Oncologist-approved cancer information from the American Society of Clinical Oncology
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Mark Kris, MD, FACP, FACCP

For oncologists, caring for patients means more than treating their cancer. It's a comprehensive effort to coordinate their care and maximize their quality of life, both during and after treatment. To Dr. Mark Kris, a lung cancer specialist, this aspect of clinical oncology is what's so gratifying about his chosen career.

“When you think of the term ‘specialist', you don't typically think of a doctor that cares for the whole person,” says Kris. “But that's exactly what oncologists do.”

Dr. Kris' inspiration to pursue his path in medicine was that he saw an unmet need. When he finished medical school in 1977, the outlook for people with lung cancer was grim. Most lived only a few months after their diagnosis, and available treatments often came with terrible side effects.

To make matters worse, the stigma of lung cancer - often viewed as a self-inflicted disease caused by smoking- meant that patients were saddled with an additional burden and relatively little research was being done to improve treatment.

“When you think of the term '€˜specialist', you don't typically think of a doctor that cares for the whole person. But that's exactly what oncologists do.” - Dr. Mark Kris

“When you look at all the illnesses that people suffer from, lung cancer was one that was really misunderstood and didn't receive nearly the attention it deserved,” Dr. Kris said. “I saw there was a tremendous need to offer lung cancer patients some hope.”

Following medical school, Dr. Kris began specializing in lung cancer during a fellowship at Memorial Sloan-Kettering Cancer Center in New York City. In 1983, he joined the center's staff. Since then, Dr. Kris' research has had an impact on many different aspects of patient care. For example, he has played a key role in the development of new, genetically targeted treatments for lung cancer, and has done critical work on management of the side effects associated with treatment.

During the course of his career, the outlook for lung cancer patients has improved significantly. “Today, between 30,000 and 50,000 lung cancer patients are cured every year,” said Dr. Kris. “This is because we've vastly improved our understanding of the disease and its biology, we've created better tools for treating it, and have worked out how to make the best care available to everyone through guidelines.”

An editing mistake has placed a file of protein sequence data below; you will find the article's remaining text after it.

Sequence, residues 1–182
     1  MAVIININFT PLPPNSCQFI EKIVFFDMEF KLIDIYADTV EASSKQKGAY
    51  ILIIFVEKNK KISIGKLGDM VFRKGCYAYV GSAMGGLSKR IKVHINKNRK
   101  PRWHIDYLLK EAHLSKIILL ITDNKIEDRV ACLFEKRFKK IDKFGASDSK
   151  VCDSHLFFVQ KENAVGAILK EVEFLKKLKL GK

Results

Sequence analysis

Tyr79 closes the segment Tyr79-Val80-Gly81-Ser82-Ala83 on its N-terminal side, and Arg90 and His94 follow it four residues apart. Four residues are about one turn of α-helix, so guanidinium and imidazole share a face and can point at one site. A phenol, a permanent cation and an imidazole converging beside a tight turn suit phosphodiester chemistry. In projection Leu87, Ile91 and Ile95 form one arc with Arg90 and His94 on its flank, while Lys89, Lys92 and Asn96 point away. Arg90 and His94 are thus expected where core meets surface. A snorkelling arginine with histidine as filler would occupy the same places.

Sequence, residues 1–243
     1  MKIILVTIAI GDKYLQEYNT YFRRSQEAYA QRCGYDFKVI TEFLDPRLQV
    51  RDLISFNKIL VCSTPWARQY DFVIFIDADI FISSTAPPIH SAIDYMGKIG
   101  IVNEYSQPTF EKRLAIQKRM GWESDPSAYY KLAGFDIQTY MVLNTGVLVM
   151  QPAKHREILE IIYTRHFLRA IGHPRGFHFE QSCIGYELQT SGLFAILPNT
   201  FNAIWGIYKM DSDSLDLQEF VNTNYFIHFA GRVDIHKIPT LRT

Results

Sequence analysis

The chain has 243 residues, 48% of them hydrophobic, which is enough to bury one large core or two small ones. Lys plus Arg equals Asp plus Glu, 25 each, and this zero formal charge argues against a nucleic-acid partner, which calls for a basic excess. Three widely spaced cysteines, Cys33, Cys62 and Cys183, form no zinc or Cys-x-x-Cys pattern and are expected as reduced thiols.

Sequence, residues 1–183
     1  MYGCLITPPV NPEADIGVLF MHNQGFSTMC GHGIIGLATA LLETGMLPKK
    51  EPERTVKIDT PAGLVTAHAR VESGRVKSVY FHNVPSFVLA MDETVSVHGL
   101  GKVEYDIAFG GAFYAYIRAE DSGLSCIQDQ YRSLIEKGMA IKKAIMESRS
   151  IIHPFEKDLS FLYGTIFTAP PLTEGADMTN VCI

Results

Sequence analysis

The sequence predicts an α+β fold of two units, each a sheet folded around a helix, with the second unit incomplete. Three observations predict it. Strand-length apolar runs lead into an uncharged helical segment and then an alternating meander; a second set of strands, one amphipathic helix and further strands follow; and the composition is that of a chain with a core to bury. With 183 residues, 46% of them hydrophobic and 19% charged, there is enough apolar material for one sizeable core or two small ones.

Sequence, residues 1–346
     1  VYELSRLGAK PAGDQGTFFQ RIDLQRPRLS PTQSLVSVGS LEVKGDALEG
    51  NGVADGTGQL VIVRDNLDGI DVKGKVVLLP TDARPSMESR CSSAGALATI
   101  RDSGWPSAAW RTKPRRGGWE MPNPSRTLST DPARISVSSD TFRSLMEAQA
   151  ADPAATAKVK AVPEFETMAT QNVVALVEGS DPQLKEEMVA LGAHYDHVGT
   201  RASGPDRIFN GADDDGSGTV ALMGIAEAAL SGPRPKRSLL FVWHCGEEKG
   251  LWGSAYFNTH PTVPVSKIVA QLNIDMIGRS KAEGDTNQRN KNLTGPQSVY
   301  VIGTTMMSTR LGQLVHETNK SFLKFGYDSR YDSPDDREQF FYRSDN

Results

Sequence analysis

But he says that the greatest change he's witnessed has been in patients' quality of life.

“When I started, treatment for lung cancer was debilitating. Patients had no choice but to check into a hospital for their chemotherapy because the side effects were so intense. The nausea, the vomiting—it was truly awful” he recalled. “Now, you can get treated in the morning and be back at work in the afternoon. I have patients who start their day receiving chemotherapy, and they spend their time during the infusion with their friends deciding what restaurant they will go to for lunch. These improvements have come about in part because of Dr. Kris' work on antiemetics - drugs that relieve vomiting and nausea - for use in oncology. Cancer patients can now take medications that are remarkably effective at preventing the debilitating side effects often associated with chemotherapy. In addition to nausea, these problems include fatigue, harmful effects to bone marrow, and others.

Dr. Kris' interest in managing side effects extends beyond his own research and work with patients. Through his work with ASCO, he has helped to standardize antiemetic use in oncology, ensuring that more patients receive the best available supportive care. In fact, a guideline co-authored by Dr. Kris on the usage of antiemetics in oncology is the most downloaded guideline that ASCO has produced.

Dr. Kris credits ASCO for providing a forum to exchange clinical research, accelerate the search for new treatments, and get the best we have to as many patients as possible through the guidelines..

“One reason that research is so important is that it gives patients hope,” Dr. Kris noted. “If they have a cancer for which there isn't a sure-fire treatment, it helps to know that their doctors are working to find a better option.”

Outside his medical career, Dr. Kris frequently volunteers his time to causes he believes in. In 2005, he joined the recovery effort following Hurricanes Katrina and Rita, working on home rebuilding in Biloxi, Mississippi and Dulac, Louisiana. More recently, he traveled to Haiti after the country's devastating earthquake to work with survivors.

But after nearly 30 years as an oncologist, patients with lung cancer remain Dr. Kris' biggest inspiration. “Patients with cancer want their life back,” he said. “I've had the opportunity to help make that happen for a lot of patients, and it's been very gratifying.”

Watch a video about Dr. Kris, and his winning the 2011 ASCO Humanitarian Award

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Mark G. Kris, MD, FACP, FACCP, specializes in thoracic cancer as Chief of the Thoracic Oncology Service at Memorial Sloan-Kettering Cancer Center and is a Professor of Medicine at Weill Cornell Medical College. His research focuses on the development of biology-based treatments that specifically attack lung cancer, multimodality therapies, and drugs to control physical symptoms caused by cancer and its treatment. Dr. Kris is the current Chair of ASCO's Cancer Communications Committee, Co-Chair of the CCO-ASCO Adjuvant Therapy for Stages I-IIIa Lung Cancer Panel, and a member of the Anti-Emetics Panel and Timely Oncology Perspectives Task Force. Among his accolades are a 2010 ASCO Statesman Award and an American Cancer Society Clinical Oncology Career Development Award.

Last Updated: February 01, 2011

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